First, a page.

4 June 2013 Performance measurements of infrared windows with surface structures providing broadband wide-angle antireflective properties
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Abstract
Infrared and visible windows have been fabricated with surface structures that function as broadband and large angle-of-incidence antireflective (AR) coatings. The AR coating is composed of nanoscale pillars formed by reactive ion etching of either a sacrificial buffer layer or the underlying optical substrate using a random array of nickel dots as an etch mask. The Ni dots are formed using a rapid thermal annealing process. The size and spacing of the Ni dots are found to be highly dependent on the initial Ni film thickness and the annealing parameters, as well as the nature of the surface interaction between the Ni and the buffer layer. The diameter and spacing of the resulting pillars can be parametrically tuned between <100 nm to <1 μm to yield broad antireflection properties from visible through the long-wave infrared. Cleartran (ZnS) and ZnSe optical substrates treated (both sides) with the AR coating process have exhibited a greater than 90% transmittance over the short-wave infrared and mid-infrared wavelengths (1-5 μm), and at incident angles up to 70°. The process for fabricating the surface structures is suitable for low-cost application of broadband, wide-angle, AR coatings on curved optical surfaces.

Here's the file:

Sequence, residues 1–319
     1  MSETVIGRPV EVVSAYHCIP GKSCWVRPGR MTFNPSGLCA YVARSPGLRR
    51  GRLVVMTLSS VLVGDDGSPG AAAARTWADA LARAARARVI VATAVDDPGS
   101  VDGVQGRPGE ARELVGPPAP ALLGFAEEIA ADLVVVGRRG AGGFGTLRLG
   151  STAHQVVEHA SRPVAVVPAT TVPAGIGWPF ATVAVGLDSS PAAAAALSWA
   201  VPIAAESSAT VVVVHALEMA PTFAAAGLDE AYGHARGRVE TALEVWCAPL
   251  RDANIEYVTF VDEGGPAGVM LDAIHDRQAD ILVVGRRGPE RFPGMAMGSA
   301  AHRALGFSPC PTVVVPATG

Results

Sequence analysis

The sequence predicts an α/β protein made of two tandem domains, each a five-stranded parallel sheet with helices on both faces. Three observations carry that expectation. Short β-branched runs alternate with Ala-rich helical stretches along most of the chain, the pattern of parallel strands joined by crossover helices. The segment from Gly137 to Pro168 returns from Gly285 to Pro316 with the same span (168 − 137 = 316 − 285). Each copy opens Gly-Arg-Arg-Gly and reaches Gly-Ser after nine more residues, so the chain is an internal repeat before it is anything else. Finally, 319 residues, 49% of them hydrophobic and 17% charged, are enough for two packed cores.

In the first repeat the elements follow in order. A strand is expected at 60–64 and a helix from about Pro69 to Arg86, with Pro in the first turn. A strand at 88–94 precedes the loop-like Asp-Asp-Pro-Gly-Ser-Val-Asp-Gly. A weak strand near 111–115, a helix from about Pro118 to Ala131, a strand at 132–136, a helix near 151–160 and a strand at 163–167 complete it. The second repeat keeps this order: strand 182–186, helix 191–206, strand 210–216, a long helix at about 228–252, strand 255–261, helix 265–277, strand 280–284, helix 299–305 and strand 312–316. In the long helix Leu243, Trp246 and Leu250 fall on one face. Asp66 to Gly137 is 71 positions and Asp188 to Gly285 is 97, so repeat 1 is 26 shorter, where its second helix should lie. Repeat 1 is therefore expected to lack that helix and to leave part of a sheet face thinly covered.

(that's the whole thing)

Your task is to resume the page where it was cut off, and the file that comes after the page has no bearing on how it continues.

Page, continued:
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Byron Zollars, Steve Savoy, Qizhen Xue, Jeremy John, Kyle Hoover, Gabriel Elpers, Roger Wood, "Performance measurements of infrared windows with surface structures providing broadband wide-angle antireflective properties", Proc. SPIE 8708, Window and Dome Technologies and Materials XIII, 87080Q (4 June 2013); doi: 10.1117/12.2016123; https://doi.org/10.1117/12.2016123
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